Treatment for Post-Traumatic Stress Disorder (PTSD) in Los Angeles
Finding Relief After Trauma
Traumatic situations push the body into stress-mode. Your heart rate rises and your muscles tense. You may even become hyper-alert, vigilante, or irritable. Usually, this reaction dissipates after the situation ends, but in some cases, it doesn’t. Instead, for some people, the feelings of helplessness, horror, or fear continue long after the initial traumatic event is over. In others, the feelings resurface when triggered by an event or situation that reminds them of the trauma they faced.
If you’re struggling to function or on edge after a traumatizing event, you may have post-traumatic stress disorder, also called post-traumatic stress disorder or PTSD.
Learn more about PTSD treatment in Los Angeles, CA, by contacting The C.U.B.E. Our organization specializes in helping teens and young adults process difficult situations to help them cope and find relief from the symptoms of PTSD.
What Is Post-Traumatic Stress Disorder?
PTSD was originally referred to as shell shock or battle fatigue syndrome and was first recognized as a condition affecting soldiers returning from war. Post-traumatic stress disorder is a mental condition that develops after a traumatic event. It often causes anxiety and negative cognitive effects that can significantly impact one’s quality of life. Recovery can be difficult without proper personal and professional support.
Below are common situations that are known to trigger PTSD.
- Natural disasters
- Sexual assault
- Physical and mental abuse
- Car or plane accidents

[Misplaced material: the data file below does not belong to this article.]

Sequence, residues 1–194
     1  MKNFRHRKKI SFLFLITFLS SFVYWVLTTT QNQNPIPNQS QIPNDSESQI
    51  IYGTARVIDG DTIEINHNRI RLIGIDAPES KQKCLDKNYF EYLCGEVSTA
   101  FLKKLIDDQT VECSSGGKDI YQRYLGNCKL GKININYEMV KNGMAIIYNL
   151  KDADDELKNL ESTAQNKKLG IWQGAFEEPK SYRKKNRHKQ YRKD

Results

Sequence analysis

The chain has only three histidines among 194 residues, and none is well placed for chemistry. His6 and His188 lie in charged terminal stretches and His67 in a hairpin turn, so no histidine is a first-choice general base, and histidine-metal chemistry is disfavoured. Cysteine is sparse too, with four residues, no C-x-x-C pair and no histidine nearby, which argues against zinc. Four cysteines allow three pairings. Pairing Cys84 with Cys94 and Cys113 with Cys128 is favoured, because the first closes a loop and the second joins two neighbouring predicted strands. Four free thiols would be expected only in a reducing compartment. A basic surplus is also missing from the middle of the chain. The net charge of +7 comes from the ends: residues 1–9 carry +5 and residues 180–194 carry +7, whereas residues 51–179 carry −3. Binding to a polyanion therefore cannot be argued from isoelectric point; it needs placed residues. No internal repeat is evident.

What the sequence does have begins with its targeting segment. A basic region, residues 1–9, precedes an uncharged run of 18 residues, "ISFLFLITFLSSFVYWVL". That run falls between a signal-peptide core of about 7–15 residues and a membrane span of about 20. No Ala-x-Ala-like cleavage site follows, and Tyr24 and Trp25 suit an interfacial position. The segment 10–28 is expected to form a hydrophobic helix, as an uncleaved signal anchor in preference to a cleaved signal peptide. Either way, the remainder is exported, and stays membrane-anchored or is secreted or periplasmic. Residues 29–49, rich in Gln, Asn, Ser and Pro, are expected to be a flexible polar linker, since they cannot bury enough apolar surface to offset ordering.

- Physical altercations
- The death or loss of a loved one
Everyone responds differently to trauma. What traumatizes one person may not cause the same reaction in another. Even so, witnessing or living through any type of traumatic event can cause one to develop post-traumatic stress disorder. A traumatic event doesn’t have to happen to you directly to experience PTSD. For example, emergency personnel and rescue workers often exhibit PTSD symptoms from performing their jobs. Family members can also develop post-traumatic stress disorder after interacting with or witnessing a loved one experience something traumatic.
The Symptoms of PTSD
PTSD symptoms fall into four broad categories. Everyone’s experience is different, and you may not experience all symptoms or even symptoms from all categories. Over time, your symptoms may change. Click each tab below to learn more.
You avoid places that remind you of the trauma, including the place you were when it occurred. You may also avoid people or things that remind you of the event. This avoidance can be very isolating, making it difficult to maintain relationships with family and friends or to participate in activities you once enjoyed. Some PTSD patients avoid thinking, acknowledging, or talking about the event or their experience.
Many people with PTSD relive the traumatic event through flashbacks, nightmares, hallucinations, and vivid memories.
Heightened Sensations & Reactions